It's easy to be blinded by headline numbers. The rally in biotech isn't so simple.
With the Ebola crisis on everyone's minds, a lot of folks have been writing rather hyperbolic headlines like "Ebola Economics." And it's easy to understand why. While the broad health care sector isn't strictly the highest-performing large-cap sector in the U.S., it's darn close.
Here's how I'd tally up the broad sector returns for the year so far (through Oct. 28, 2014):
|Cons. Non Cycl.||XLP||9.12%|
Health care's not tops, but like I said, pretty close, and a lot of those gains have come just in the last two weeks.
But unfortunately, health care is the single-most-classic case of ETFs not being equal, so much so that I regularly use a performance chart of health care ETFs to illustrate how important digging into what the "Fit" score in an ETF is.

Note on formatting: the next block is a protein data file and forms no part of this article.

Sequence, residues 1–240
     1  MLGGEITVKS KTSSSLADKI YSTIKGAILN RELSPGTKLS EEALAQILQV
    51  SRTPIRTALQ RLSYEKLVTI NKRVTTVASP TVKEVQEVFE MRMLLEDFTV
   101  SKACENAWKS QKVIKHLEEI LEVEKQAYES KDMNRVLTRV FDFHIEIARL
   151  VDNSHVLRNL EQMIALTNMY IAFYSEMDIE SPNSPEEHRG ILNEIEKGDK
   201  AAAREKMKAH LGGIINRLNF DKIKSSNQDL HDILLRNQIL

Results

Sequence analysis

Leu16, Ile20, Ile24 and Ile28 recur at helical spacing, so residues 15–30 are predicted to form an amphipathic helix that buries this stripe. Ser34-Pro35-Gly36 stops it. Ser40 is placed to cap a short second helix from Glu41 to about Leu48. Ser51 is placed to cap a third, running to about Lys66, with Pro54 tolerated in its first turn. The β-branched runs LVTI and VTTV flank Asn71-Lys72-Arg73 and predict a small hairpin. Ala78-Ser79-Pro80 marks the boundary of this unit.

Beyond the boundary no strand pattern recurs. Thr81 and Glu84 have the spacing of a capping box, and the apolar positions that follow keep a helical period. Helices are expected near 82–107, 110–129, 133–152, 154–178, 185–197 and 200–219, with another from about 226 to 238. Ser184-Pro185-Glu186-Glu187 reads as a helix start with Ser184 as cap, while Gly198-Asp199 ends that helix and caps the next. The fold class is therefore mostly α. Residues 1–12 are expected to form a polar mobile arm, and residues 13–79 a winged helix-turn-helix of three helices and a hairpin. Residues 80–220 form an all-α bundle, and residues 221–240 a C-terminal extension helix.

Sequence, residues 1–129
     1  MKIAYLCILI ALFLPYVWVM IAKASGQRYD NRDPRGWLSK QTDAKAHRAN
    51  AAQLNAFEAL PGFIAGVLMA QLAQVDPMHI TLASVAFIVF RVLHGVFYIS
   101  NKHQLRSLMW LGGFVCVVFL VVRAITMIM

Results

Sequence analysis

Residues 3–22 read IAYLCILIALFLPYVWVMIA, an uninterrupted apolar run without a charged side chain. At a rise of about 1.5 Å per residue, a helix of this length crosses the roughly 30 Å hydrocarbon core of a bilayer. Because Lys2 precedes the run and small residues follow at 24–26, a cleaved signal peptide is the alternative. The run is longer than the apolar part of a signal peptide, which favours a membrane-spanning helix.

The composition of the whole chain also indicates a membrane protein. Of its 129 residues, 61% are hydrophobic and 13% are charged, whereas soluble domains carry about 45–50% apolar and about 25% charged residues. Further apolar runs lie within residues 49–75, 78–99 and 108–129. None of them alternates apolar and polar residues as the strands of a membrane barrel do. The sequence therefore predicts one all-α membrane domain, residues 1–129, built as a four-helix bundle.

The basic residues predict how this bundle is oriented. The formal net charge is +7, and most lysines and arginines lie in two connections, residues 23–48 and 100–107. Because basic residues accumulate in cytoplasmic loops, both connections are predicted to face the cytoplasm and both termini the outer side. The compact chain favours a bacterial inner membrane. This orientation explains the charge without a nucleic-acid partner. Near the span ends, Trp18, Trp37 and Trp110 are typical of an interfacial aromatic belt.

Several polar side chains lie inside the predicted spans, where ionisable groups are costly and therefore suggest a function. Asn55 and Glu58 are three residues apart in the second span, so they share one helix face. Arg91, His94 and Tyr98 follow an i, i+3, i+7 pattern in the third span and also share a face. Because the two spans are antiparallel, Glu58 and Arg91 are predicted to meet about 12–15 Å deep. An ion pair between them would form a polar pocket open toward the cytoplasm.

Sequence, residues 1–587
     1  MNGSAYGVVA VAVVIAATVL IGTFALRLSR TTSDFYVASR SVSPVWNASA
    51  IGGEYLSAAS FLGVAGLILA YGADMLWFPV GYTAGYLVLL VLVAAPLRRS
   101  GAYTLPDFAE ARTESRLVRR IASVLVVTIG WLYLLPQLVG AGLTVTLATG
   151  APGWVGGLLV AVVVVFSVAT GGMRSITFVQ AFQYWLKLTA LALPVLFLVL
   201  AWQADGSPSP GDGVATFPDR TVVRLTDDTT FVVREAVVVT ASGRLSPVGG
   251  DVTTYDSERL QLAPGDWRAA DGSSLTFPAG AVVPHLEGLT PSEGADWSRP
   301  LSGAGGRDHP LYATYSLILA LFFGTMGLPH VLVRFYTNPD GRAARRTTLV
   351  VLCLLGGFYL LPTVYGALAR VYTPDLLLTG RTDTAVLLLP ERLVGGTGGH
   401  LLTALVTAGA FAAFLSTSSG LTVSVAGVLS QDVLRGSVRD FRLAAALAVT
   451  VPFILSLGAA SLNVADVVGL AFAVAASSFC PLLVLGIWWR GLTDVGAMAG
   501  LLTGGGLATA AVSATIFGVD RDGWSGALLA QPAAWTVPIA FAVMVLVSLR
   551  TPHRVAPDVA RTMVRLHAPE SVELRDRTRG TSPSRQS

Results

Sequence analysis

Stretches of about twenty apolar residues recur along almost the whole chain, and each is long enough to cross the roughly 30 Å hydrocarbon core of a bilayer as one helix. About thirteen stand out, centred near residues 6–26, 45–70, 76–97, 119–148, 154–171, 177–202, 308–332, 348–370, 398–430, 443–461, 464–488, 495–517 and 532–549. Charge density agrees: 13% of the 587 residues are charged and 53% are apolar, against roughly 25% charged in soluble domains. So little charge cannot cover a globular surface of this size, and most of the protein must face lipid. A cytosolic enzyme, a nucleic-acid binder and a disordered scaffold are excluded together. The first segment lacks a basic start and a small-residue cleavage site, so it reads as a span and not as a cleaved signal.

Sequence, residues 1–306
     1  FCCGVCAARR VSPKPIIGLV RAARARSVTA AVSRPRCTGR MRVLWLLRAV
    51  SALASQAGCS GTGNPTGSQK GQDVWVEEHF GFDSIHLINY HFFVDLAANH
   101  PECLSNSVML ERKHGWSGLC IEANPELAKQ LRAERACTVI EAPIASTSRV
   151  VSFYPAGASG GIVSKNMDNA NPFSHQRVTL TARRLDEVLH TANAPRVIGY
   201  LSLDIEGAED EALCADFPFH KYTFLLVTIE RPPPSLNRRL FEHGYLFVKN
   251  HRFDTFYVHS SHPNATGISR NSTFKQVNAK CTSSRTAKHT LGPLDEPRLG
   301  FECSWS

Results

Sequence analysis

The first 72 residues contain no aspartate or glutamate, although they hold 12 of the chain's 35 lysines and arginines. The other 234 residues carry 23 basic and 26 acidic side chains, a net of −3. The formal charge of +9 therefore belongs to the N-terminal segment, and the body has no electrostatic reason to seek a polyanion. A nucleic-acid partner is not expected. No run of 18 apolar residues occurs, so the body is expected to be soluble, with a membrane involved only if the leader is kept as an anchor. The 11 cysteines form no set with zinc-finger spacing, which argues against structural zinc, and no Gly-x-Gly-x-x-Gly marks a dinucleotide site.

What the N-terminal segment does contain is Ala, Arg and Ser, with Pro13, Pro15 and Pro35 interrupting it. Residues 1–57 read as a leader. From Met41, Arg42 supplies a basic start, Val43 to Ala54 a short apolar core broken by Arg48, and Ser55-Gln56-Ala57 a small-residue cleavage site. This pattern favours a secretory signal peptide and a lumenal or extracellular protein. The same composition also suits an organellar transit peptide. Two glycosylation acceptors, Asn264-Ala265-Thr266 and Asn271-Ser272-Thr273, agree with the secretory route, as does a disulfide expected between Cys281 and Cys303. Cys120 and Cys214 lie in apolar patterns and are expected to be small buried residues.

Consider why XLV is up. It's not the 7 percent position in Pfizer (down 2.7 percent this year) or the holdings of Express Scripts (2.3 percent of the portfolio, up 4.33 percent) that are making it a contender. It's Gilead, up 50 percent so far this year, and Allergan (up 64 percent) and Amgen (up 32 percent).
In other words, the story in "health care" isn't about "health care" at all—it's about biotech—companies out there on the bleeding edge of medical science. And biotech ETFs have had a wild, wild ride this year: